Now, this one was extremely good.
And it's hard to believe how "Story of a Secret State" had to wait for so long before being re-published.
Jan Karski - a nom de plume, pardon d'action - wrote this book with the extreme urgency of a man who has just managed to get through four years of war, starvation, captivity and, on the top of it, a dangerous clandestine patriotic activity.
A brilliant combination, isn't it?
Nevertheless, "Story of a Secret State" is written very well with its author never claiming to be the best one among those around him or stressing out his bravery and determination.
In fact quite the opposite; Karski admits his human fragility while being tortured, his fear of being captured while crossing borders and reckons how some people did heroic actions in Nazi/Soviet occupied Poland without getting the honour they would have deserved at the end of the war.
The way Karski tells us about the Polish Underground organization between 1939 and 1943 is amazing and very detailed. There are interesting insights on the way clandestine press worked and how boys, girls and women helped the Underground in many ways from carrying vital information to hosting its members.
Then there are the missions Karski himself took part in. These adventures are described in a detailed and precise way here, without forgetting a touch of irony when needed and not stepping back towards human tragedy.
This is the same free man who went to a concentration camp in incognito and later tried to convince Roosevelt and Churchill to speed up their intervention in continental Europe informing them about the horrors he witnessed in first person.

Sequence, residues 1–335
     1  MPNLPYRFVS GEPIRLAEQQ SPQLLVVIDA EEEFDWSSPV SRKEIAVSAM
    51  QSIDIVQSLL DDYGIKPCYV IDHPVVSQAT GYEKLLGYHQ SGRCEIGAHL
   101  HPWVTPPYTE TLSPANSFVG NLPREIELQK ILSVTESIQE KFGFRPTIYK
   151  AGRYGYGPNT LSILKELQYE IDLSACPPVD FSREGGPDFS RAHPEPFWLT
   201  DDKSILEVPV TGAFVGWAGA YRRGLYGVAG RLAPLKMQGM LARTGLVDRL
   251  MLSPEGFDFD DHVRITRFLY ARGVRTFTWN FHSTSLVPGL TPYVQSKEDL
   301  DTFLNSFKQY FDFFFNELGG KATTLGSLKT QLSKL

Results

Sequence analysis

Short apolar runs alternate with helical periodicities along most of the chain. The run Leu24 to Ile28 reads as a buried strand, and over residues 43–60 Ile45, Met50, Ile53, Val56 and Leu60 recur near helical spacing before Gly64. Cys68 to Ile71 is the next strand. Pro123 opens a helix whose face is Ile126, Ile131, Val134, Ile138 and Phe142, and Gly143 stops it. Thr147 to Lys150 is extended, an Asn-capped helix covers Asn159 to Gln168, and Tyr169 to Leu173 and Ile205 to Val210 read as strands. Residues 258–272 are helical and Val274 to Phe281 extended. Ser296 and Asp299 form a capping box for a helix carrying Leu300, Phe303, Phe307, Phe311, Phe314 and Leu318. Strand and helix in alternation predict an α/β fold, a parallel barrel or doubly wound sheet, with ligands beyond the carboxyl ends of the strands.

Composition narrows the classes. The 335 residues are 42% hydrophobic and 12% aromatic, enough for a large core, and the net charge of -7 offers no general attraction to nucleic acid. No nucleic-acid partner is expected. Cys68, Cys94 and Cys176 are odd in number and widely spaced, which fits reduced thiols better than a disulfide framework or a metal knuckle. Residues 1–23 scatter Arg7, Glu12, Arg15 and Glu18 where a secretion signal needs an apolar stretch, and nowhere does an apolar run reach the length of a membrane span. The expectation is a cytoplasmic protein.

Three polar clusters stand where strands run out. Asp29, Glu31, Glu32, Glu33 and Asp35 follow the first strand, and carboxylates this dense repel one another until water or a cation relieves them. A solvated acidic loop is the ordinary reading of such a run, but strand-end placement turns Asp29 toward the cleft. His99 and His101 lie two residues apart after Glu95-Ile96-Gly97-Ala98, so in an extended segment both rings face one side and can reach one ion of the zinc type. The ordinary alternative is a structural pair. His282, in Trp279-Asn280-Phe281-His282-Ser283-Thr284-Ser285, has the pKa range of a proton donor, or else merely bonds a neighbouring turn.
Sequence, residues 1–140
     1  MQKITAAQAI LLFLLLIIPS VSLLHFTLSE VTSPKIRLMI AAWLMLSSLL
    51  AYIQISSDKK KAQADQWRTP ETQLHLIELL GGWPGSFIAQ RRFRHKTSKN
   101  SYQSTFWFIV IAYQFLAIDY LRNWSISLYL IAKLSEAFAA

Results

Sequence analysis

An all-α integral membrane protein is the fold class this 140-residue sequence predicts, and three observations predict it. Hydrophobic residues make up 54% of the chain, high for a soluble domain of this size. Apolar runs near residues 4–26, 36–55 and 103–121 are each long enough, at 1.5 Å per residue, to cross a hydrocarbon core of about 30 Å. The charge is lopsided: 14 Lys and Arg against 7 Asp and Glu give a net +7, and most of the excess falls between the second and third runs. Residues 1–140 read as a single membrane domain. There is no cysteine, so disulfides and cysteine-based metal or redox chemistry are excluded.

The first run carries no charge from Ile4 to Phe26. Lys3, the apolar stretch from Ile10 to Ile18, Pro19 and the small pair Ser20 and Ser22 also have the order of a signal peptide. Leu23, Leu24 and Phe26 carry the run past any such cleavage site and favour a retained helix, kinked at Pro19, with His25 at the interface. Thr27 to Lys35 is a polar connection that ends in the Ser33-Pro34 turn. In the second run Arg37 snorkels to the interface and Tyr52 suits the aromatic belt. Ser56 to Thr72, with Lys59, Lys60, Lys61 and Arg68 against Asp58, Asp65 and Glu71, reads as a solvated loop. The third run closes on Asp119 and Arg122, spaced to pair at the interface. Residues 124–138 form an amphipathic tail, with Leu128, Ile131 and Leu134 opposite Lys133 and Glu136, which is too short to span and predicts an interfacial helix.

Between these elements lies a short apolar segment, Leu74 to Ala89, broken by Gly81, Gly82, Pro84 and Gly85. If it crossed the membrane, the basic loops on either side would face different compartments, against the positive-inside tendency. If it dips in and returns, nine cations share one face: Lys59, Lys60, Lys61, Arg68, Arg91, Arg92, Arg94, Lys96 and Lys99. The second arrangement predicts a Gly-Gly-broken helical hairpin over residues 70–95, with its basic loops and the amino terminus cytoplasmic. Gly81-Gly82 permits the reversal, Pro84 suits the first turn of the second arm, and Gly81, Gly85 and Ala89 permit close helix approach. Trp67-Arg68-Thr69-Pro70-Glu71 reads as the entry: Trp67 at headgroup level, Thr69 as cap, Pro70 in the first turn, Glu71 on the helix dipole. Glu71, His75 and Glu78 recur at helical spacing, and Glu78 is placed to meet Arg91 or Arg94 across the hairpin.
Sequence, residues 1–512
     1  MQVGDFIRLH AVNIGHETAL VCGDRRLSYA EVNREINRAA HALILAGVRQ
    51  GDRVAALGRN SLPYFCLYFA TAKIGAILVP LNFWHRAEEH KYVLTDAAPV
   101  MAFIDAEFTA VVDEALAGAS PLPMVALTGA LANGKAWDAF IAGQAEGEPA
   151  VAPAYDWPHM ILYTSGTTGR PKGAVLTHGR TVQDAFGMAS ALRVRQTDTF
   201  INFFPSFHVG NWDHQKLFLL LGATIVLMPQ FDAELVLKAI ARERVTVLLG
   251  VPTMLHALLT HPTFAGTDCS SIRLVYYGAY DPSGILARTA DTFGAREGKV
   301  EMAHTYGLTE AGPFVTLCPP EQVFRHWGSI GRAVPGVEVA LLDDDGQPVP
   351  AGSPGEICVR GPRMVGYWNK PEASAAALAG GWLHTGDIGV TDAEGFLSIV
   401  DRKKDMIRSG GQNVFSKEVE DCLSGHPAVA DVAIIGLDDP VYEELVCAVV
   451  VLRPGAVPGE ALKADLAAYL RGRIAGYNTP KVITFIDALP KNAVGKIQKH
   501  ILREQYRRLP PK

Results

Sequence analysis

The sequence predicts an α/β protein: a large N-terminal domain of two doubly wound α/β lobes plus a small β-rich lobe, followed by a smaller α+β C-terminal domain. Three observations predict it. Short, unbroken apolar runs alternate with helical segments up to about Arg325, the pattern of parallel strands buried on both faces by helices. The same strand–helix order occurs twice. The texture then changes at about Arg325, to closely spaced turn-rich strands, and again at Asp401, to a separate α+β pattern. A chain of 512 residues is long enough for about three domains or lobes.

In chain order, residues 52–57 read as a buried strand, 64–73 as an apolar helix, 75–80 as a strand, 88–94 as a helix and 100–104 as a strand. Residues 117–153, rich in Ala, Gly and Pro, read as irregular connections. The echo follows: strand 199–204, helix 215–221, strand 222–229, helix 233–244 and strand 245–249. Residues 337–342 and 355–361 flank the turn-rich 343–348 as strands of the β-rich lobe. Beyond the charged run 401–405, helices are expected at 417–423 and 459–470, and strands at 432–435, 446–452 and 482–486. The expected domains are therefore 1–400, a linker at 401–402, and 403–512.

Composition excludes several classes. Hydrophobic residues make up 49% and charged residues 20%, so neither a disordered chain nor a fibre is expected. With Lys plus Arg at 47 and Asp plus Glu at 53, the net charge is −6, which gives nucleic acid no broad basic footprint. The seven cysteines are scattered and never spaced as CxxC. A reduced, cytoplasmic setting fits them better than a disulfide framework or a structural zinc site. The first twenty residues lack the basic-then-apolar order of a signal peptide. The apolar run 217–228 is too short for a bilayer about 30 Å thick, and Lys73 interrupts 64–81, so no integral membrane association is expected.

This is the man who entered the Warsaw Jewish ghetto while the Nazi were sending off its whole population to be exterminated and just before its fearless but unsuccessful insurrection.
And there's much more to be found here.
As for me, "Story of a Secret State" has a lot of extra meanings and personal links.
I had the chance to visit most of the places Jan Karski wrote about from Radom (!) to the Tatra mountains around Zakopane and always wanted to see Lvov where he was born.
And of course there is Warsaw with its recent history, its uprising, its destruction, its cultural vitality despite communism and its current redevelopment (although not always fulfilled in a proper way).
I visited the modern but rather messy Warsaw Uprising Museum and don't remember any mention to Karski there.
I walked in the area where the Ghetto used to be and below the massive socialist residential blocs known as the mammoth's wardrobes it was hard to picture how all it looked before.
I slept in that same Praga district of Warsaw which doesn't look very different today from how Karski portrayed it in the 1940s.
Even if you never visited Poland and have no intention to, this book has to read, if only to get a glimpse of how a whole nation managed to build up a parallel State hidden under the rubble of bombarded Warsaw and how the majority of Poles were not passive at all during World War II.
Behold! This book has nothing to do with nationalism etc.
This is an engrossing reading where history gets human features and feelings and doubts and despair and joy while it happens.
There is no fictional spy story (sorry Graham) which could be that good. And true.